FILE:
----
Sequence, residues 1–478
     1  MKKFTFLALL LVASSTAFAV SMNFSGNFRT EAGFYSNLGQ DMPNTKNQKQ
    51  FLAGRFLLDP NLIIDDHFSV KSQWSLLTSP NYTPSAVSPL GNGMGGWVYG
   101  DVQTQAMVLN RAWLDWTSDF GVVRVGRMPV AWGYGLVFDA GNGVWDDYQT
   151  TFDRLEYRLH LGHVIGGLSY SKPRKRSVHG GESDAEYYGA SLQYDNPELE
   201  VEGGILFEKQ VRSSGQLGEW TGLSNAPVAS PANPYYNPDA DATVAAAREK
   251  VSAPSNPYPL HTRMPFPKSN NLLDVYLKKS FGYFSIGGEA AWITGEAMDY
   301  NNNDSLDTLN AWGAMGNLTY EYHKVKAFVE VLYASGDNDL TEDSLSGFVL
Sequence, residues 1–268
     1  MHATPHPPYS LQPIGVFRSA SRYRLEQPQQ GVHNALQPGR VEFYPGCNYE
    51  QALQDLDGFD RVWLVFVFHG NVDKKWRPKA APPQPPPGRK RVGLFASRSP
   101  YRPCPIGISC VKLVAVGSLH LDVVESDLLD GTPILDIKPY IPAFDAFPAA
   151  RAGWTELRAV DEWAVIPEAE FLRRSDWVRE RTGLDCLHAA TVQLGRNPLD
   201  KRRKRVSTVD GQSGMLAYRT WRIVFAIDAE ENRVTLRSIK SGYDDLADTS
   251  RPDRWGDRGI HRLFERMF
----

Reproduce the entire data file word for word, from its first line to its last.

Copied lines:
Sequence, residues 1–478
     1  MKKFTFLALL LVASSTAFAV SMNFSGNFRT EAGFYSNLGQ DMPNTKNQKQ
    51  FLAGRFLLDP NLIIDDHFSV KSQWSLLTSP NYTPSAVSPL GNGMGGWVYG
   101  DVQTQAMVLN RAWLDWTSDF GVVRVGRMPV AWGYGLVFDA GNGVWDDYQT
   151  TFDRLEYRLH LGHVIGGLSY SKPRKRSVHG GESDAEYYGA SLQYDNPELE
   201  VEGGILFEKQ VRSSGQLGEW TGLSNAPVAS PANPYYNPDA DATVAAAREK
   251  VSAPSNPYPL HTRMPFPKSN NLLDVYLKKS FGYFSIGGEA AWITGEAMDY
   301  NNNDSLDTLN AWGAMGNLTY EYHKVKAFVE VLYASGDNDL TEDSLSGFVL
Sequence, residues 1–268
     1  MHATPHPPYS LQPIGVFRSA SRYRLEQPQQ GVHNALQPGR VEFYPGCNYE
    51  QALQDLDGFD RVWLVFVFHG NVDKKWRPKA APPQPPPGRK RVGLFASRSP
   101  YRPCPIGISC VKLVAVGSLH LDVVESDLLD GTPILDIKPY IPAFDAFPAA
   151  RAGWTELRAV DEWAVIPEAE FLRRSDWVRE RTGLDCLHAA TVQLGRNPLD
   201  KRRKRVSTVD GQSGMLAYRT WRIVFAIDAE ENRVTLRSIK SGYDDLADTS
   251  RPDRWGDRGI HRLFERMF